Yellowknife MD fined in airport rage case
Made bomb-related remark after being barred from Edmonton-bound flight
A Yellowknife doctor has been fined $3,000 for telling a local airport staff member that he hoped his bag would blow up the plane.
Dr. Richard Cunningham, 60, was handed the fine Friday in a Yellowknife courtroom, after he had pleaded guilty to falsely declaring to have explosives at the airport, which is contrary to aviation security regulations. The incident occurred in 2009.
In addition to the fine, Cunningham was sentenced to three months of probation, during which time he is not allowed to fly with a commercial airline for any reason other than a medical emergency.
According to an agreed-upon statement of facts, Cunningham was drunk when he arrived at the Yellowknife airport at 5 p.m. MT on Oct. 9, 2009, with the intent of boarding a First Air flight to Edmonton.
Arrogant and belligerent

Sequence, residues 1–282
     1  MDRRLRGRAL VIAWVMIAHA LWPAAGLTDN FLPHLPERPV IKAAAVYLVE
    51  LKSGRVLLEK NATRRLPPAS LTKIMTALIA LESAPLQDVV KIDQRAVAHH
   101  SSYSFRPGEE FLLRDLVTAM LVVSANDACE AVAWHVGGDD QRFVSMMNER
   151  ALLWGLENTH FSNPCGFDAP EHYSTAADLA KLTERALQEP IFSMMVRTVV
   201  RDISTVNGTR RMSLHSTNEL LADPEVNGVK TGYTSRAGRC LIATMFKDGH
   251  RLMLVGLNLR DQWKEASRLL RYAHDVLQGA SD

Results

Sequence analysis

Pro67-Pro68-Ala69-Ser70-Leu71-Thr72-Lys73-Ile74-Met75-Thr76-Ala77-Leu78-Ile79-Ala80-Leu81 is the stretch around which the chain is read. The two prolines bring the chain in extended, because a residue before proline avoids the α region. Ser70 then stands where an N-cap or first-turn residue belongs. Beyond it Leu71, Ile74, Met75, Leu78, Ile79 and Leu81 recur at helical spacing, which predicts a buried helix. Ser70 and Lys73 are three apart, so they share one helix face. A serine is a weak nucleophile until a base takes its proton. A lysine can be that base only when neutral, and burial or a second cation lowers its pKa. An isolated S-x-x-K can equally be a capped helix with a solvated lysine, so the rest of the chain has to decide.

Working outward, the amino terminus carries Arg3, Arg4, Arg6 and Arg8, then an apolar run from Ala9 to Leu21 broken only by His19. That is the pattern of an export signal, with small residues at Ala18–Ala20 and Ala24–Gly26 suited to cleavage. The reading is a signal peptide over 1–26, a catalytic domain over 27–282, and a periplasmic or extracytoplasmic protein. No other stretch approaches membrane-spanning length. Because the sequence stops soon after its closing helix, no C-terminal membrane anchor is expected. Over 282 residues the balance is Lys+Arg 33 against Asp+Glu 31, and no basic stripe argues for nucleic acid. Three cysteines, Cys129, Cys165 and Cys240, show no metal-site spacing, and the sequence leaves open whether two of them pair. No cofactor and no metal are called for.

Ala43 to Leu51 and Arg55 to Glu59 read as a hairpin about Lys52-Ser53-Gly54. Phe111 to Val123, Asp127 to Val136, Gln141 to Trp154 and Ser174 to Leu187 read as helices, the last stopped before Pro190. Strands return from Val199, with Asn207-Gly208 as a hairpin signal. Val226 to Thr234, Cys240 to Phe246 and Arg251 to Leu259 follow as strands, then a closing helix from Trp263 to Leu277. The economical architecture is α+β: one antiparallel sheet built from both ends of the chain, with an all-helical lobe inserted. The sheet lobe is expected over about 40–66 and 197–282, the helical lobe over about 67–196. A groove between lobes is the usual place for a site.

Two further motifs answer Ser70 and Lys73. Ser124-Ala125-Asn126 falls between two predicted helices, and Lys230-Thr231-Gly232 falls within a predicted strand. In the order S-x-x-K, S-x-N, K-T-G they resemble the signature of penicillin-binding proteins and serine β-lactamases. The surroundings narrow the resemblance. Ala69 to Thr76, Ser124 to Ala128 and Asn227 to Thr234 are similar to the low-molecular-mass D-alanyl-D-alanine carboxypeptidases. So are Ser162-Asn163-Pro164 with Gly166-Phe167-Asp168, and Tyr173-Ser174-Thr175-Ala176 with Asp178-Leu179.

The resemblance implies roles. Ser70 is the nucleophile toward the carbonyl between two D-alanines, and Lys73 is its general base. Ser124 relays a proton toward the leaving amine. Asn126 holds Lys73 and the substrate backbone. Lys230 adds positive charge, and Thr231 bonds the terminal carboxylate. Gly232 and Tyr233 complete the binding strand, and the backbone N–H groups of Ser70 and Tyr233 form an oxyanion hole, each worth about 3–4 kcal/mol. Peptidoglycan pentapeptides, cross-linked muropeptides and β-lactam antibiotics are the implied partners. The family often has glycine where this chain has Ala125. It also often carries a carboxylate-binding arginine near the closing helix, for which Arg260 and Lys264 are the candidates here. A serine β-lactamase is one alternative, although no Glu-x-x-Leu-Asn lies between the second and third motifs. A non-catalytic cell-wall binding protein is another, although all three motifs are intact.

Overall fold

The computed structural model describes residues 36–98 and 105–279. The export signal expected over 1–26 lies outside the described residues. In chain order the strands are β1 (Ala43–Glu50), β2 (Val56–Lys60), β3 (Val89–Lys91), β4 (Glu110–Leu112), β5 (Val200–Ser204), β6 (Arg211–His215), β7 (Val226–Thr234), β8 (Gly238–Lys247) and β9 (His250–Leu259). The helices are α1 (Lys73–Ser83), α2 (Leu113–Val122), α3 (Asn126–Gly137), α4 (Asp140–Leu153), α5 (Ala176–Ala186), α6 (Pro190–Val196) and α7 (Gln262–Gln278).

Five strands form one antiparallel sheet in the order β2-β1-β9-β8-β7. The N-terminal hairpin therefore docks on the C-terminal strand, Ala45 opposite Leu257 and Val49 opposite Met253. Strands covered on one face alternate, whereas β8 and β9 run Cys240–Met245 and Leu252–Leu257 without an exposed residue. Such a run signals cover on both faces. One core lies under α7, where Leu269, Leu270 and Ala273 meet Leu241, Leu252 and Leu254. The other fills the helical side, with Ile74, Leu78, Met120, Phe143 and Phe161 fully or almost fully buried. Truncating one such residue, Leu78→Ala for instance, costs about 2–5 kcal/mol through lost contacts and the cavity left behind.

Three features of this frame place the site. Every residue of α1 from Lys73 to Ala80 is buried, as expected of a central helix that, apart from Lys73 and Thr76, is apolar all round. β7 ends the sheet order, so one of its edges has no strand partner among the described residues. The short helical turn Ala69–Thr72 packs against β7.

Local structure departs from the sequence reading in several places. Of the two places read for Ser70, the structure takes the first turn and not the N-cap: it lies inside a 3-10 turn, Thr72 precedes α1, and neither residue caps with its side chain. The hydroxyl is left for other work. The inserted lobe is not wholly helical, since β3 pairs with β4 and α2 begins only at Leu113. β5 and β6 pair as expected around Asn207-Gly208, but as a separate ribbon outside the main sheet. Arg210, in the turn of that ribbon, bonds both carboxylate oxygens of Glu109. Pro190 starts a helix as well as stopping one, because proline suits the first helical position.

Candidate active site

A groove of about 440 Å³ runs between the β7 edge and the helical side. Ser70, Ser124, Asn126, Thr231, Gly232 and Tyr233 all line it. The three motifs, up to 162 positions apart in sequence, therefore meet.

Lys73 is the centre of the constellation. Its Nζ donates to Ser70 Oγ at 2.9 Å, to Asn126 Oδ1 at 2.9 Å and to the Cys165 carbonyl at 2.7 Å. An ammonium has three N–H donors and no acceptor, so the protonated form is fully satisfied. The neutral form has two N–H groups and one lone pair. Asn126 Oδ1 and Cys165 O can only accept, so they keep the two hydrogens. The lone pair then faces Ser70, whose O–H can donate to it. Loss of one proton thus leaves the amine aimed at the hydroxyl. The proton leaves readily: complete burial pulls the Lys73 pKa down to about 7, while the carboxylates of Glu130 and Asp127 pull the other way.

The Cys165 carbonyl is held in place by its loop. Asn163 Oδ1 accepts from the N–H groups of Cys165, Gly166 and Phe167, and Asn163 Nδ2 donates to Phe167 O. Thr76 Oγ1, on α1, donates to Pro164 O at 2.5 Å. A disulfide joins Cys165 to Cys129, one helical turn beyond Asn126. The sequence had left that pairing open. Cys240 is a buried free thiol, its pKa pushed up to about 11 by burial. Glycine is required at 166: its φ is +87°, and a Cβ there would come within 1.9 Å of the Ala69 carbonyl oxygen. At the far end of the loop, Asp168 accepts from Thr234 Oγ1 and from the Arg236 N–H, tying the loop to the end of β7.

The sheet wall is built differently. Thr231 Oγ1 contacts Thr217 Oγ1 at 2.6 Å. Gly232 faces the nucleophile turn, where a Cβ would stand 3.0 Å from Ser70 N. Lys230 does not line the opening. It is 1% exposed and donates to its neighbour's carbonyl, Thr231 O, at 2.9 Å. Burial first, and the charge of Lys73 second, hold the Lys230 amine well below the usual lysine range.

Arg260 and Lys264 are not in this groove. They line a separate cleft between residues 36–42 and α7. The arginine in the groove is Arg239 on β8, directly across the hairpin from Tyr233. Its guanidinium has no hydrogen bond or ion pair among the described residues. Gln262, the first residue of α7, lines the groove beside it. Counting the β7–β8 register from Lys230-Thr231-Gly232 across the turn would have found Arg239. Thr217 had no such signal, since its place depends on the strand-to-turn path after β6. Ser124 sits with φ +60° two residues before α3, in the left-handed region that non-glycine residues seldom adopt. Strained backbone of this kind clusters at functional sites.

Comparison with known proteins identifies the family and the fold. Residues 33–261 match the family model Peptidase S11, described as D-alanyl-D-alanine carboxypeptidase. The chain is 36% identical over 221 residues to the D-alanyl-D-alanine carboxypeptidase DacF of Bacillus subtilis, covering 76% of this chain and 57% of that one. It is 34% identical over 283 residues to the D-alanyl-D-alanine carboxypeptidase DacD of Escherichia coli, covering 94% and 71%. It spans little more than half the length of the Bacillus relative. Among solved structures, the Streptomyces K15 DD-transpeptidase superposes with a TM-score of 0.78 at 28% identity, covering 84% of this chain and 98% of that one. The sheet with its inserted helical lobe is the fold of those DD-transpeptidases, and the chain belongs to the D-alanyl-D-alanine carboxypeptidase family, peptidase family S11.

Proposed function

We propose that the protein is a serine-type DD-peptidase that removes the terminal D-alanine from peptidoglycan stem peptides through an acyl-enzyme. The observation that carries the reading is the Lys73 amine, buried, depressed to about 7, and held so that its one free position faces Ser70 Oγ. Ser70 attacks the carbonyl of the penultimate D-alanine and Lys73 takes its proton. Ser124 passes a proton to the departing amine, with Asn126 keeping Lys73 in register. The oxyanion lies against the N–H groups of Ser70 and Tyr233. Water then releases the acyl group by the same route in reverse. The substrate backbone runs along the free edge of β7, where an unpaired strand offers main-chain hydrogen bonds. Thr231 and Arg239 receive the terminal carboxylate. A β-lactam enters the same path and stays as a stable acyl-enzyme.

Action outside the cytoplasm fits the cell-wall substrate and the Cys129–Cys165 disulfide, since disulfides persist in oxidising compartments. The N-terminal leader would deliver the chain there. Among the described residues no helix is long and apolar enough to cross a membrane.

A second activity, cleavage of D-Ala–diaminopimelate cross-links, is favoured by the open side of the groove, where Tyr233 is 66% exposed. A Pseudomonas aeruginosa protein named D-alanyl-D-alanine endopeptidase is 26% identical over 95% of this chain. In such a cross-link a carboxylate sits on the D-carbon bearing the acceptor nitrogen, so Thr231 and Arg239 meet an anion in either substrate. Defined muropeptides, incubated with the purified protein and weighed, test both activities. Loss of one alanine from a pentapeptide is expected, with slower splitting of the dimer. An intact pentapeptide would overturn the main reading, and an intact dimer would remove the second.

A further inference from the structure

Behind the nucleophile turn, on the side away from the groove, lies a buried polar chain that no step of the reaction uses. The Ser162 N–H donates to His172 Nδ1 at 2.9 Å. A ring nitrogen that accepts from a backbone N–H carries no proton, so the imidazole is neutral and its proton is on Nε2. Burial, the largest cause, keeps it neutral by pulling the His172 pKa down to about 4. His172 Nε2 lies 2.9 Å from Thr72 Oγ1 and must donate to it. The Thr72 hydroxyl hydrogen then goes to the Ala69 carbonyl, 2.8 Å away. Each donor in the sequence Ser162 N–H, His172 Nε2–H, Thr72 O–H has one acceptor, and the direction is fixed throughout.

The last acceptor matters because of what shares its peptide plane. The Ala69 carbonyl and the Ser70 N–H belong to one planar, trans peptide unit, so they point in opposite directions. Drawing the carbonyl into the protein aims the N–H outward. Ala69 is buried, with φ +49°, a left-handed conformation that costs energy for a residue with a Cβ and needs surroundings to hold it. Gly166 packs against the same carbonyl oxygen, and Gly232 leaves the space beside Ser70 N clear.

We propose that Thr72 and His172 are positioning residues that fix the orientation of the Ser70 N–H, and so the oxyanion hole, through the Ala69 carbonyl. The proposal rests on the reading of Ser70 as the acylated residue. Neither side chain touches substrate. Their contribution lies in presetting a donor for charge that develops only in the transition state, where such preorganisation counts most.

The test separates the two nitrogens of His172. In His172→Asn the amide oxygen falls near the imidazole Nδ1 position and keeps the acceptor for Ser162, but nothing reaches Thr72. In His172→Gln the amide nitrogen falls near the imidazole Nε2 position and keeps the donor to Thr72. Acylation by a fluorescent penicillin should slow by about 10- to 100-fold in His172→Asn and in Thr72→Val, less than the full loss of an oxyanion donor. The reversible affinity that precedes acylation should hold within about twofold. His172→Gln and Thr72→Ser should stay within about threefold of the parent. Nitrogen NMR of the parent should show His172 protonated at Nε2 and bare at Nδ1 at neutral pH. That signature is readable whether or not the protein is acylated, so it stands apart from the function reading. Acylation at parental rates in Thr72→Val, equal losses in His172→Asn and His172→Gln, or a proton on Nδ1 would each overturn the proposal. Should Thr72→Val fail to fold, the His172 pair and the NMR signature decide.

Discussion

In court, the Crown described Cunningham as being arrogant and belligerent, acting as though First Air was his own private airline.
Cunningham refused to present his boarding pass or identification to staff. After he tried unsuccessfully to board the flight, Cunningham then tried to leave the airport, according to the statement of facts.
A First Air employee followed him and asked again for his boarding card, this time so that his baggage could be identified and removed from the aircraft.
Cunningham swore at the employee and said, "I hope my bag blows up your plane," according to the statement of facts.
After being sentenced on Friday, Cunningham denied using those words, and claimed he had signed the agreed-upon statement of facts without reading it.
Convicted of impaired driving
Cunningham, whose 35-year medical career includes five years in the Northwest Territories, told the court that his drinking has never interfered with his work.
But the Crown attorney said Cunningham's alcohol consumption has gotten him into trouble before: he was convicted of impaired driving in August 2008, then he was caught driving while disqualified six months later.
A month after he was charged in the airport incident, Cunningham entered into an agreement with his employer, the Yellowknife Health and Social Services Authority, in which he agreed not to consume any alcohol for three years.
Under that agreement, Cunningham has also agreed to take psychiatric counselling for anger management.